Let me just say that during my teenage years, the years when I was being taught all the right and wrong reasons for dressing modestly, I would occasionally have moments of clarity. I wasn't too popular with the fellas, and when I was feeling particularly annoyed with or disinterested in the gender as a whole (as teenage girls are, sometimes), I would think to myself, "I don't want to be modest for them. I want to be modest because it's what I want, it's what I like. I want to do this for me and for God - no one else."

(this picture has nothing to do with anything, but I really like it and it lightens the mood)

I work for a church-sponsored university that has a code of conduct for its students and employees; that code includes dress and grooming standards. There's a heavy emphasis on modesty. All students and employees must agree to live by this code if they want to attend class/be hired.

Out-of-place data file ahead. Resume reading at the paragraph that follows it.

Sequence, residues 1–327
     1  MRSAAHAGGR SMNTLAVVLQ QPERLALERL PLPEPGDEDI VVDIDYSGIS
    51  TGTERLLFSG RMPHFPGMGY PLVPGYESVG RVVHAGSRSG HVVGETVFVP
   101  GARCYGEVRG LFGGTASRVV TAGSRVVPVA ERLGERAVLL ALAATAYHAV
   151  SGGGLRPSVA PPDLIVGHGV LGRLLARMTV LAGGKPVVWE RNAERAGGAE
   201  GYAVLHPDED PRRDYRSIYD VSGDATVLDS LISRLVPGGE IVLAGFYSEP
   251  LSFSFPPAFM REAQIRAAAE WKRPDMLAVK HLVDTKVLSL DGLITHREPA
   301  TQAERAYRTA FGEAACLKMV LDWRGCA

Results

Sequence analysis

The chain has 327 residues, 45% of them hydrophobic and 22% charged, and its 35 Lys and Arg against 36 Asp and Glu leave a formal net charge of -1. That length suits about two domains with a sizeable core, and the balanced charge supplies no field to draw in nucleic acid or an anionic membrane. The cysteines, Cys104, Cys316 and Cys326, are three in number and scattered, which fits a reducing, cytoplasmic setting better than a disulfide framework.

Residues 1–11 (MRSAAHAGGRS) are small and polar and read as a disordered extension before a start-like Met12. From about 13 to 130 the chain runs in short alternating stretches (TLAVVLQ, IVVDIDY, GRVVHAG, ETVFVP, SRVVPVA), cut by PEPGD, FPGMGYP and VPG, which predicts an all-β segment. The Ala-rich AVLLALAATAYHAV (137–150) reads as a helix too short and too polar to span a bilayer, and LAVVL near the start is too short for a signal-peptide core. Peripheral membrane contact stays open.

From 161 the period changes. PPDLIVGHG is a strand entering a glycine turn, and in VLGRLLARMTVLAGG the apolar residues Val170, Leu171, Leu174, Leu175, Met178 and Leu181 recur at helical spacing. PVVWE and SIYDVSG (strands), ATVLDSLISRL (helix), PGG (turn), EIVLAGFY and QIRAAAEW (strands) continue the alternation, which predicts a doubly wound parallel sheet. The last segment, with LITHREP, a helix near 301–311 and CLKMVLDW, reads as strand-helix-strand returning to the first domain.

In September, the newspaper at my university published an opinion piece, a Letter-to-the-Editor type thing, from a student who was upset over the way female classmates were dressing. He didn't feel they were living up to the dress standards set forth in the code of conduct, specifically in terms of wearing skirts/shorts/dresses that were too short. You can read the student's letter here, but I have to tell you that I found it pretty infuriating, even as someone who is familiar with this particular academic climate and the religious culture that contributes to it, so consider that fair warning. I'll be excerpting the relevant portions here.